Sofinnova leads a $30.6M round for Asceneuron's Alzheimer's R&D

Asceneuron CEO Dirk Beher

Three years ago, after Merck Serono pulled the plug on its operations in Switzerland, a team of 8 neurodegeneration specialists used the shutdown as an opportunity to start their own biotech spinout, dubbed Asceneuron. And now they've gathered a substantial $30.6 million round to fund their drive into the clinic with a new drug candidate for Alzheimer's disease.

Marquee investor Sofinnova Partners spearheaded the round for the Lausanne-based company, joined by SR One (the venture arm of GlaxoSmithKline), Kurma Partners and Johnson & Johnson Innovation--JJDC. The company's founding investor MS Ventures also participated.

This round gives Asceneuron a chance to take the next step in the clinic after testing a molecule in preclinical models of the disease. The money gives Asceneuron enough cash to complete IND-enabling studies on the way to a Phase I study that can set the company up for a proof-of-concept test.

Asceneuron hopes to blaze a unique path for itself in a very risky field. The biotech is putting its O-GlcNAase inhibitor ASN-561 to the test as a new modulator for tau pathology. By hitting the enzyme the team believes they can interfere with a process that ultimately creates toxic protein tangles that damage the brain, slowing the progress of the disease and the loss of cognition that routinely occurs as Alzheimer's advances.

Tau and amyloid beta are the two key culprits in Alzheimer's, though the CEO believes that it will likely take a combination of therapies for both to really fight back against the memory-stealing disease.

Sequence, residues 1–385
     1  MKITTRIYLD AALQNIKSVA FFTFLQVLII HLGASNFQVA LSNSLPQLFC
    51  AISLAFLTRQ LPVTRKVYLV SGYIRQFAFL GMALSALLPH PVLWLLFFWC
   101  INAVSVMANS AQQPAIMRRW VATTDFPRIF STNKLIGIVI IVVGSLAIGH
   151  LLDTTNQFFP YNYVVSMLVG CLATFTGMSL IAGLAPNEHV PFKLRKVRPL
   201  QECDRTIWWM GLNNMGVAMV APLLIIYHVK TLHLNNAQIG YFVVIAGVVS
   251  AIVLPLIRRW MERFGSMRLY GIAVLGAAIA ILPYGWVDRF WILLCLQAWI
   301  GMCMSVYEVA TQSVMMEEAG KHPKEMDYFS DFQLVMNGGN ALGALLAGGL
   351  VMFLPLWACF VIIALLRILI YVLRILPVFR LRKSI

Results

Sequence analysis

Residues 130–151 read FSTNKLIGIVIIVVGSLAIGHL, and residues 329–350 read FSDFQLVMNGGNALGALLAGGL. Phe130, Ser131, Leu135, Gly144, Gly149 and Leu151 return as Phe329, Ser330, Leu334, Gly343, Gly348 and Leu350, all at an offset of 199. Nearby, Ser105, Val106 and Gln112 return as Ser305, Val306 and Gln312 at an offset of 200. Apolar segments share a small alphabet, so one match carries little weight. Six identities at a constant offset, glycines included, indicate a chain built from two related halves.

This was a good-sized round for a Swiss company, says CEO Dirk Beher, but don't look for the core team of 8 to suddenly start a hiring spree. The guiding principle at Asceneuron is to stay cautious, and remain lean and mean as it pursues clinical validation for its approach to Alzheimer's.

"I think you have to be cautious not to build up a company too quickly," says the CEO. And that calls for a careful recruitment plan as it adds to the team.

Henrijette Richter of Sofinnova Partners, Deborah Harland of SR One, Vanessa Malier of Kurma Partners and Hakan Goker of MS Ventures have joined the company's board along with a representative of JJDC.

Suggested Articles

CNS Pharma says berubicin is the first anthracycline drug to cross the blood-brain barrier and could transform treatment of the highly invasive brain tumor.

Grid Therapeutics is planning to start trials of its lead cancer immunotherapy GT103 next year after raising $5 million in second-round financing.

The IPO comes as the Flagship startup prepares to test its lead inflammatory disease and anticancer microbial strains in humans.